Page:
Legendary comedian Jerry Lewis, famous for roles in early color comedies such as The Nutty Professor and The Bellboy passed away August 20, 2017 at the age of 91. While well-known for his slap-stick style of Comedy and upbeat, larger-than-life persona, many are unfamiliar with Lewis’ involvement in an unreleased motion picture which he both directed and starred in. While known by an auteur by many, portraying complete control over the many collaborative projects he signed his name onto, this is one aspect of Lewis’ career that remains a mystery to many.

The 1972 film “The Day the  Clown Criedfollows the fictional story of German circus clown Helmut Doork, played by Lewis, who ends up in a German concentration camp during World War II after insulting Adolph Hitler. While the film drew the attention of Milton Berle, Dick Van Dyke, and Bobby Darin, Lewis was eventually chosen for the role, in large part due to his willingness to direct the film as well.  

After entering the camp and realizing his career as a Clown is essentially over, Doork is assigned to entertain and load Jewish children on trains out of the internment camp, under the promise from an SS officer that his case will be reviewed. Unbeknownst to Doork, the train is headed to the gas chambers at Auschwitz, where Doork eventually realizes that there isn’t any sort of miracle coming to save them. While no footage exists of these seemingly heart-rending moments, some of the stills provided to Archive Valley by the Swedish Film Institute hint at an impassioned connection between Doork and the condemned children he seeks to humor.

Helmut Doork surrounding by Jewish children inside what appears to be a box train car. Photo: Roger Tillberg, Archive: The Swedish Film Institute
Helmut Doork surrounding by Jewish children inside what appears to be a box train car. Photo: Roger Tillberg, Archive: The Swedish Film Institute

While the script still exists, giving us these glimpses into the plot, Lewis took the film reels with him back to the United States following filming in Sweden. Lewis reportedly donated the film to the Library of Congress in 2015 with the stipulation that it not be aired in any capacity until 2025, when Lewis would have turned 99.

According to Stills Archivist Krister Collin from the Swedish Film Institute, rolls of color negatives were donated to the institute only two years ago. While they are underdeveloped, looking somewhat flat, these images provide us a rare-glance into the film and Lewis’ apparent moods at the time of shooting.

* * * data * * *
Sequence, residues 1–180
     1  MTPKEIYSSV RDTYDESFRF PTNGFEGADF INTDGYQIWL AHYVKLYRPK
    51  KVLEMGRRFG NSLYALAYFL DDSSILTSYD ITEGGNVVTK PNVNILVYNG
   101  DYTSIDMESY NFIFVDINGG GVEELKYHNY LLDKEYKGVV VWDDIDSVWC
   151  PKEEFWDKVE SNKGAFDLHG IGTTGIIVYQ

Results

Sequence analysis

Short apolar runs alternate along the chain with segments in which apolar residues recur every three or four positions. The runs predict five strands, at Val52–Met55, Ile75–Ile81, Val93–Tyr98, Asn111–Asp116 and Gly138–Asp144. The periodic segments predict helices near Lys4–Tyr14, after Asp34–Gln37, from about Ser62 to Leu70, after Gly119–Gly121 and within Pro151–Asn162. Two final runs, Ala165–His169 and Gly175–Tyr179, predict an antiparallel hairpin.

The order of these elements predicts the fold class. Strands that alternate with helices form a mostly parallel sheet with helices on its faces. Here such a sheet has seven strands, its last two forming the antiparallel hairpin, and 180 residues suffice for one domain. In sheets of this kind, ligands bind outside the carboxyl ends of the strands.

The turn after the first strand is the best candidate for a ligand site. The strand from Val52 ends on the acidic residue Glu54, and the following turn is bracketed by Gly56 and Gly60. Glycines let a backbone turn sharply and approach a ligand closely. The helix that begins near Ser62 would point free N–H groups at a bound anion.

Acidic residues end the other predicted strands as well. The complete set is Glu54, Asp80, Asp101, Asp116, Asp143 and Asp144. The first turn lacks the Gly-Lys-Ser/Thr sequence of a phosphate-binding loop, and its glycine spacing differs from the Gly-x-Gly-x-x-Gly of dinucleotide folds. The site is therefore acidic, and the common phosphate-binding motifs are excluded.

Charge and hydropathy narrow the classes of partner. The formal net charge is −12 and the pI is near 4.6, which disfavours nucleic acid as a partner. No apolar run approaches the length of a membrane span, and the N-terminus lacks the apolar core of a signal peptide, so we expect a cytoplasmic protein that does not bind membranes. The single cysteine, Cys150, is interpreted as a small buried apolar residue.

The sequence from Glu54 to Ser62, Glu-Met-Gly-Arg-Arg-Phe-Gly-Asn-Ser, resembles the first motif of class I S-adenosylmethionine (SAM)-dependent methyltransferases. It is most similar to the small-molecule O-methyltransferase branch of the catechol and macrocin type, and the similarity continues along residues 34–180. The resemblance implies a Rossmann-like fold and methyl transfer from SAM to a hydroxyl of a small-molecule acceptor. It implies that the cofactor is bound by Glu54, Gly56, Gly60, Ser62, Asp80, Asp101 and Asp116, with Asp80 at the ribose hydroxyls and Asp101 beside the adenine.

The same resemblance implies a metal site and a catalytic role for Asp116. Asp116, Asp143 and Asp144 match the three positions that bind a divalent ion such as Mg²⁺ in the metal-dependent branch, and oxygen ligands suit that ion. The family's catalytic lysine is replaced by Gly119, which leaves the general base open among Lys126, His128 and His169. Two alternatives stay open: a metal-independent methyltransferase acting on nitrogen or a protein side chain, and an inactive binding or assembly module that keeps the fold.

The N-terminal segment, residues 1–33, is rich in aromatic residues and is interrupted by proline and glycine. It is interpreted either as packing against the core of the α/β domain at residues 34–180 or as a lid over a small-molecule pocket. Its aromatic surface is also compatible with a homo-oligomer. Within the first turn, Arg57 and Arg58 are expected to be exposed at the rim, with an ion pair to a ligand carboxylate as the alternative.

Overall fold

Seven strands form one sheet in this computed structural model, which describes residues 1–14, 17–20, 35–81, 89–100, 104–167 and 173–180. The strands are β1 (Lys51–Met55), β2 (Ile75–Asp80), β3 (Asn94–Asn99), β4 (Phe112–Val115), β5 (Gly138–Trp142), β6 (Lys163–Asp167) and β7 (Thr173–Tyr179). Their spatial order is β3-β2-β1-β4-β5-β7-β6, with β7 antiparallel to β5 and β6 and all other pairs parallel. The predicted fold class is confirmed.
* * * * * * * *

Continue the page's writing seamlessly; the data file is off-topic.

Lewis, who would rarely broach the subject of the film, was once quoted saying “In terms of that film, I was embarrassed. I was ashamed of the work, and I was grateful that I had the power to contain it all and never let anybody see it. It was bad, bad, bad. It could  have been wonderful, but I slipped up. I didn’t quite get it, and I didn’t quite have enough sense to find out why I’m doing it, and maybe there would be an answer.”

While Lewis was not the first nor will be the last film star to both direct and play the lead role in their own production (think Mel Brooks, Tyler Perry, or Michael Moore), The Day the Clown Cried appears unique because of it’s subject-matter and plot; a clown who is being painfully penalized in a concentration camp within the film is the same man behind every shot and decision regarding the illustration of the Nazis who he as a director is looking to denounce. This convoluted role likely played into the constant stress Lewis was apparently under during the shooting, as illustrated by the stills we have gained access to.

Jerry Lewis directing and filming a close up shot of two actors while wearing his full clown ensemble. Photo: Lars-Olof Löthwall, © The Swedish Film Institute
Jerry Lewis directing and filming a close up shot of two actors while wearing his full clown ensemble. Photo: Lars-Olof Löthwall, © The Swedish Film Institute

Many wonder what went wrong during the filming process to convince Lewis to keep the final product hidden, as it has been said by members of the cast and crew that Lewis was very dedicated and serious about the venture, even losing 35 pounds via a strictly-grapefruit diet in order to play Doork more convincingly. Before the film was finished, Lewis was quoted saying “you will see wonderful things happen to a human being, because something’s happened that makes him think about others besides himself, and that’s all i’m going to tell you.”